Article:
Bawdy humor has been a mainstay of the renaissance festival since its inception. The witty, tongue-in-cheek humor of the more open stage performances plays well with the adult crowd while soaring over the heads of the younger guests. Add in a few kilt spins, some tightly laced bodices and there’s a little something for everyone to enjoy. For this reason, many of the shows at ORF have ratings posted or announced at the start of a show for the consideration of parents who may not want their little ones asking what exactly is a ‘jingle bang‘ on the way home

From a historical context, King Henry VIII attempted to close the ‘stews’ of London in 1535, pushing most of these working women out on the streets to ply their trade. The ladies of easy virtue fared no better during the following reign of Queen Mary, and their fortunes improved only slightly under Queen Elizabeth I. Thus comes forth the Singing Sirens, an ‘acting’ troupe of lovely folk who entertain a general audience at the 3 Fools Pub. This merry gaggle, along with others, provides a variety show at the Dirty Duchess for the 18+ crowd looking to take in a few drinks away from the open lanes of the rest of the faire. They’re easy to spot at the ramp entry to the 1572, selling wristbands for the Naughty Bawdy Pub Show.

The Sirens were an experiment, the idea for our group was David Smith’s and he gave us loose guidelines for what he was looking for. We grew from the initial prompts and now have a solid stage show as well as the Naughty Bawdy. Looking back, we grew quickly but it definitely happened in stages. Our first year was just singing some songs back in Naughty Bawdy, then we were offered the Loreli stage the next season. The 3 Fools stage followed. Now we are growing with our fanbase, looking at what they want and listening. The Naughty Bawdy and the Sirens are growing and I feel a great sense of pride and gratitude for getting to be a part of it from the beginning and getting to share in its success.”

Savonna Nerlinger (Bunny)

Today’s vet can be spotted by her pink corset and her lace ears, earning her the name “Bunny.” Bunny brings a bouncy sense of joy to the troupe, but her actress, Savonna Nerlinger, has been coming to faire since she was a tot.

I was introduced to the festival when I was little – 4 or 5 – I remember being enamored by fairy wings and afraid for the jousting knights and their horses. My mom said I cried but I don’t remember that part.
I participated as a patron. Ate the food, bought the stuff, prayed to the old and new that I could stay forever then they would kick us out.”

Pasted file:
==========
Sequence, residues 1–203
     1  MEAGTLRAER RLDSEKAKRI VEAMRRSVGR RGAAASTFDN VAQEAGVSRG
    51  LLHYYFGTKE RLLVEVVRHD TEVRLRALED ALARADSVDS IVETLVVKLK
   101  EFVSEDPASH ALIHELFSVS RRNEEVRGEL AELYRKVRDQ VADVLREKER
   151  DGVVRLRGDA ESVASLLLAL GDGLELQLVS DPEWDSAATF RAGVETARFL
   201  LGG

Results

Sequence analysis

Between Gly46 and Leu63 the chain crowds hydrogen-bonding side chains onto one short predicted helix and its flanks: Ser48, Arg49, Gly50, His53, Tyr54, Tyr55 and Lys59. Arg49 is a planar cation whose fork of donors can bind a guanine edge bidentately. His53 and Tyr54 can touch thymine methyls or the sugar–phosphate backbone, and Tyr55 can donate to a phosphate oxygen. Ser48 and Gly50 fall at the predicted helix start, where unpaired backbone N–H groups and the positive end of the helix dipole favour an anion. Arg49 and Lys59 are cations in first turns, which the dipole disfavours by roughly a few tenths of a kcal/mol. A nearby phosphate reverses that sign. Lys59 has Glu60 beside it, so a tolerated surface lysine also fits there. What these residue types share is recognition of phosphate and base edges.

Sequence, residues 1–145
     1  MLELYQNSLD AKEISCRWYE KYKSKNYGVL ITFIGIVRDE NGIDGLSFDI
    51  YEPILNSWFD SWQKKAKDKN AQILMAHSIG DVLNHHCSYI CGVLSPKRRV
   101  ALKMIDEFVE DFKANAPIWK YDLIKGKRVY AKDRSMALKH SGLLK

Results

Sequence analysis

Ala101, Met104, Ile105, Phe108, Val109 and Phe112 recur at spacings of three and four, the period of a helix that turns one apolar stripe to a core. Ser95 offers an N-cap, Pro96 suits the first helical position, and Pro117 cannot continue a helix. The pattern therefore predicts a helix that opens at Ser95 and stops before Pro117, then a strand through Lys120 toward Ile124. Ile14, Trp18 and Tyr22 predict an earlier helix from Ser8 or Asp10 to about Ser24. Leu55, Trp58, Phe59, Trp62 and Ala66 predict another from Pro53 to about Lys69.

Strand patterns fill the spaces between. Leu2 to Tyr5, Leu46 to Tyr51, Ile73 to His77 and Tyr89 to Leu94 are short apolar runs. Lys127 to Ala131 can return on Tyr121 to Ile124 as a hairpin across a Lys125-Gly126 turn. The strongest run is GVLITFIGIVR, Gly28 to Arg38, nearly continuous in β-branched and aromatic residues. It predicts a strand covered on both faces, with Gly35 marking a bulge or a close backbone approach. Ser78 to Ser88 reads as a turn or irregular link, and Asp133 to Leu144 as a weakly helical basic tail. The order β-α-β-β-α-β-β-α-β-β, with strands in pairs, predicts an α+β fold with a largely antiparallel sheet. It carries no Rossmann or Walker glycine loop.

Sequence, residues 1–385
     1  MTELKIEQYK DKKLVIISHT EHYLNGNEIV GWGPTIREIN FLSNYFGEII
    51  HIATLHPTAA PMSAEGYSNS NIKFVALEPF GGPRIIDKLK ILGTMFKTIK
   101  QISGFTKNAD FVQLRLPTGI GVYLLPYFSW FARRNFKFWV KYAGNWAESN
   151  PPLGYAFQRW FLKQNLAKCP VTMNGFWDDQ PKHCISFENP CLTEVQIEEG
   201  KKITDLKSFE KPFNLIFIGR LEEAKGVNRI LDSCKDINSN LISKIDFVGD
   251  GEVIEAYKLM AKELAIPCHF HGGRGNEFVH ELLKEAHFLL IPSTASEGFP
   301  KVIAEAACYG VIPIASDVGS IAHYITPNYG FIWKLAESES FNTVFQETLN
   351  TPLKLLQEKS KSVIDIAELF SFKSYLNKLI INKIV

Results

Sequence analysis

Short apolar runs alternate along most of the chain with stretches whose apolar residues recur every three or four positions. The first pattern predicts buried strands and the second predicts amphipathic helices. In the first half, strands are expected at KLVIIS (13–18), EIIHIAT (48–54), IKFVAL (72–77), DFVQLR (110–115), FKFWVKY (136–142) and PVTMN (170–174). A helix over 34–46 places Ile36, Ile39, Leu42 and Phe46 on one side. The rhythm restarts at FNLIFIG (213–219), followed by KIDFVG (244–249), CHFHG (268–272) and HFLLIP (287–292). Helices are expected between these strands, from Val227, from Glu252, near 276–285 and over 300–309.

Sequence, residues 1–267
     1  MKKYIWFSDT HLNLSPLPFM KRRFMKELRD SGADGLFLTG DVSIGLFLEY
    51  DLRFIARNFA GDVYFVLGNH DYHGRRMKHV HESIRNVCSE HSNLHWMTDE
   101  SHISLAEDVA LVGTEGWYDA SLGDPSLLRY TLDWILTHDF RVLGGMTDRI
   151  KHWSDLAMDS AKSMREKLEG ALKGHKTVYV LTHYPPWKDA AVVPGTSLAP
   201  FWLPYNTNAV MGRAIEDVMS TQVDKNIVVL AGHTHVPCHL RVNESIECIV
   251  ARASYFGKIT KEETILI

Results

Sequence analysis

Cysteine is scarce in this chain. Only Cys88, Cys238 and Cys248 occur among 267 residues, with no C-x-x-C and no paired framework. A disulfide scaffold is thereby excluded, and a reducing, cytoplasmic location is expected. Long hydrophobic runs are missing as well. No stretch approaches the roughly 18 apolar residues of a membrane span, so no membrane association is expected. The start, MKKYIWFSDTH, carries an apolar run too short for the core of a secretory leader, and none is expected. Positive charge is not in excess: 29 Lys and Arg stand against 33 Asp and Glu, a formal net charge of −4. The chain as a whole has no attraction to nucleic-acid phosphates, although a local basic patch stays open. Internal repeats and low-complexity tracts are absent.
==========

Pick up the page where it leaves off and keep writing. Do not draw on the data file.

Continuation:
Savonna Nerlinger (Bunny)

Like many vets, Savonna has been through more than one character at faire. It’s not at all unusual to wander around a bit until you find the one that suits your talents. Many start off as a part of the village cast, taking on the role of a non-historical character until they get their footing. For Savonna, that was the schoolmarm, Lettuce Poodleflogger. Lettuce did her best with the sadly under-educated residents of Willy-Nilly, but her teaching methods often left them in a more confused state than when they started! The character was delightfully foolish, a trait which was carried over when the Sirens began.

Bunny’s character creation steamed directly from the prompt of playing a woman of ill repute who is also an actress in a theater company. She has only known the party life and frivolity. She has no basis for understanding or learning anything else. Everything is a show and she is the star. She brings out traits I otherwise don’t possess. She is flirty and bold. Bunny can say things I would never have the courage to say. She is wildly full of herself while being kind and that is so fun to play. I love Bunny, she is the spirit I wished I had in real life.”

Savonna Nerlinger (Bunny)

Many times in the past I have said that ORF allows for creative exploration of the self. It is escapism in its finest form, giving anyone who passes through the gates the opportunity to un-tether themselves from reality and create their own as they see fit. Characters like Bunny and the Sirens build through the seasons and are in development constantly, adding to their stories and making their own pocket life that comes out every year. These cast members are an inspiration, often bringing new people into the faire life just by being themselves.

I would like people to know that when they come to our festival they arent just experiencing people in funny-looking clothes with funny accents. They are sharing in our hope and in our dreams for a better and kinder, more silly world. We do this to spread laughter and happiness with the secret hope that when they leave, they too share that laughter and happiness with others. At least that’s how it is for me. I come back every year because I couldn’t ever imagine doing anything else. ORF is my home now.”

Savonna Nerlinger (Bunny)

Looking to become a part of the village? Cast Auditions for the 2021 season are being held on Saturday, June 26th, and Sunday 27th! Looking for some more info or advice before auditioning? Read our Cast Auditions post and 10 Things to Know Before You Audition!